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City puts brakes on 'accident tax' Jon Campbell | Fri, May 14 2010 10:26 AM

The Chula Vista City Council on Tuesday decided at the last minute to postpone discussion of a cost recovery plan proposed by the city's fire department.

The proposal would have required drivers who cause major accidents - those requiring the cleanup of hazardous materials, evacuations and other emergency service responses - to reimburse the city for its costs.

The item had been listed on the agenda for discussion but was pulled minutes before the meeting began with no explanation.

The proposal on Tuesday would have hired a private firm, Fire Recovery USA, to collect funds on behalf of the city.

According to a staff report, payments would range from $435 up to more than $2,000.

The report describes the $435 charge as "the most common billing level" because the actions described - things like traffic control and patient contact - occur "almost every time the Fire Department responds to an accident," according to the report.

City Manager Jim Sandoval said the item was pulled in response to citizen complaints. He said he thought some of the consternation might have been due to a misunderstanding; the proposal would not be used to charge accident victims for minor responses, he said.

Sandoval said the fees would help to offset only major responses involving hazardous material cleanups, and would only target those who are found to be negligent.

"When you have a really major accident and you have fluids all over the street, we would bill the at-fault driver. And that would only occur if someone was actually found to be at fault," said Sandoval. He said staff would do more community outreach but he expected to bring the item back to the council again in the future.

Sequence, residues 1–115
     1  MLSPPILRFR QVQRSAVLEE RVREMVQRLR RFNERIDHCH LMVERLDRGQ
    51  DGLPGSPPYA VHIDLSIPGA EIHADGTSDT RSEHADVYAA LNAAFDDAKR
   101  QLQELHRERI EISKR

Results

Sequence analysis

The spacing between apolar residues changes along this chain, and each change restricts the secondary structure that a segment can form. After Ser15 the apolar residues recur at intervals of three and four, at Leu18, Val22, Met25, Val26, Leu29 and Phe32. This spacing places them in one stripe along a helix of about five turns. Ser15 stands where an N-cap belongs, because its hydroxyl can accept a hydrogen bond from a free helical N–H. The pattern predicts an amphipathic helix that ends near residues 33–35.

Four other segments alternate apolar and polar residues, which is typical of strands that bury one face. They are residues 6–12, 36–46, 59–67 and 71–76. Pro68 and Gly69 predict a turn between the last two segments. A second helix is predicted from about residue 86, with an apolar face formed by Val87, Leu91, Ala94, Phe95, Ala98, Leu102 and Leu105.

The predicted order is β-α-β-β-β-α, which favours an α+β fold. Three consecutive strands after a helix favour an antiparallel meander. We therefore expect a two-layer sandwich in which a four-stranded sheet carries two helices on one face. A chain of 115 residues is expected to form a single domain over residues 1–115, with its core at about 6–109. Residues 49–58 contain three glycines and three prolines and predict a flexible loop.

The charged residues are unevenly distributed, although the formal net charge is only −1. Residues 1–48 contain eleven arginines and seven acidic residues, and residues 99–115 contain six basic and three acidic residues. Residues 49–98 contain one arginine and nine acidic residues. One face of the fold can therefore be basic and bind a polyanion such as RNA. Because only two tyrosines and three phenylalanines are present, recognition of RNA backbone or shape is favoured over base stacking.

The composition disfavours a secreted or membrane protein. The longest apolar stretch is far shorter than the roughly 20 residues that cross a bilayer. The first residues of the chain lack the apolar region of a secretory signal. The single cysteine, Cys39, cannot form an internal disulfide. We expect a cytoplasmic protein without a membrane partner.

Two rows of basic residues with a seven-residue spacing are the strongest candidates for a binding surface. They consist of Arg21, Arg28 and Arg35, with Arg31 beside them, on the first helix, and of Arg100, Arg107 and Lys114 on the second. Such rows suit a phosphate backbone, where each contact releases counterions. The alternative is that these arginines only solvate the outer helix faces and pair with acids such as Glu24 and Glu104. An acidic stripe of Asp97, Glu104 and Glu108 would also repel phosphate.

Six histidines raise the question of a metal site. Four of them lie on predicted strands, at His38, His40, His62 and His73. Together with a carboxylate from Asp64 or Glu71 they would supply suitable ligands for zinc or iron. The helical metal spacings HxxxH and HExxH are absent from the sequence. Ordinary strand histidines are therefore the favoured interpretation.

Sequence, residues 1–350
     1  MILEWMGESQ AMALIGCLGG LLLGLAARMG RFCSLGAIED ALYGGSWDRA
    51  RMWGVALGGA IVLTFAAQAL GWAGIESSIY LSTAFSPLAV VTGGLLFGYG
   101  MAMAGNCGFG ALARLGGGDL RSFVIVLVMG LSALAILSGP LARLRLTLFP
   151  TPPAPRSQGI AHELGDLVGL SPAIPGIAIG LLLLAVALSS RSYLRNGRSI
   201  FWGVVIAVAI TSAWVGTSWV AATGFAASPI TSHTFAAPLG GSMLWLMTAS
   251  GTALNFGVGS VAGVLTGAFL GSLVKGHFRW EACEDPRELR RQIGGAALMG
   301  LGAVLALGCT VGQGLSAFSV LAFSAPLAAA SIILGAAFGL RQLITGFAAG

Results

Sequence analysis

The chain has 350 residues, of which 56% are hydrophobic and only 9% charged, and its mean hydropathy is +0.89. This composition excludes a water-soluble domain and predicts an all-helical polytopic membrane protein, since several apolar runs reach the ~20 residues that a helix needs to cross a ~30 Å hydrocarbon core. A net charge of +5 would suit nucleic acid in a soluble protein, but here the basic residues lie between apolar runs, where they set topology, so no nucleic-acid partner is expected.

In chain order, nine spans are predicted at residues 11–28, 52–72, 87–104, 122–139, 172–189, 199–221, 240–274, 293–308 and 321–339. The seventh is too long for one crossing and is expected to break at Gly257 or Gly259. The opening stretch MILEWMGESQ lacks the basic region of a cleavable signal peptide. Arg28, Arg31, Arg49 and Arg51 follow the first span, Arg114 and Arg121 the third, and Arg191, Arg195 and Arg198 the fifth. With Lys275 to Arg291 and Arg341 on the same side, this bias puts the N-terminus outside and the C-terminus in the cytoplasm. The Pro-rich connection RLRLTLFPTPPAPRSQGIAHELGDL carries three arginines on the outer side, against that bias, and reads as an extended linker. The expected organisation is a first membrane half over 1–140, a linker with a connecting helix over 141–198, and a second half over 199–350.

The California Health and Safety Code already allows cities to bill negligent individuals who require major public safety responses, as well as drivers who damage roadways and other highway infrastructure either "willfully" or "negligently."

Fees assessed are payable by the at-fault driver's insurance coverage, but the city currently doesn't pursue such reimbursement.

The staff report seemed to suggest that drivers could be charged for less serious accidents as well as major ones, citing motor vehicle statutes that allow recovery of costs associated with damaged light posts and other roadway structures. The charges can only be incurred if the damage was caused "willfully" or "negligently," according to the motor vehicle statute.

Councilman Steve Castaneda said he would look at the proposal with an open mind and wanted to learn more about the details. Councilwoman Pamela Bensoussan said that she hadn't had time to look closely at the measure and was withholding judgment. Mayor Cheryl Cox could not be reached for comment. Both Councilmen Rudy Ramirez and Mitch Thompson said they supported the proposal in principle, as a way to maintain high levels of service during times of deep budget cutbacks.

"I think the city does not have the luxury any longer, if it ever did, of not charging reasonable fees for the services it provides," said Thompson.

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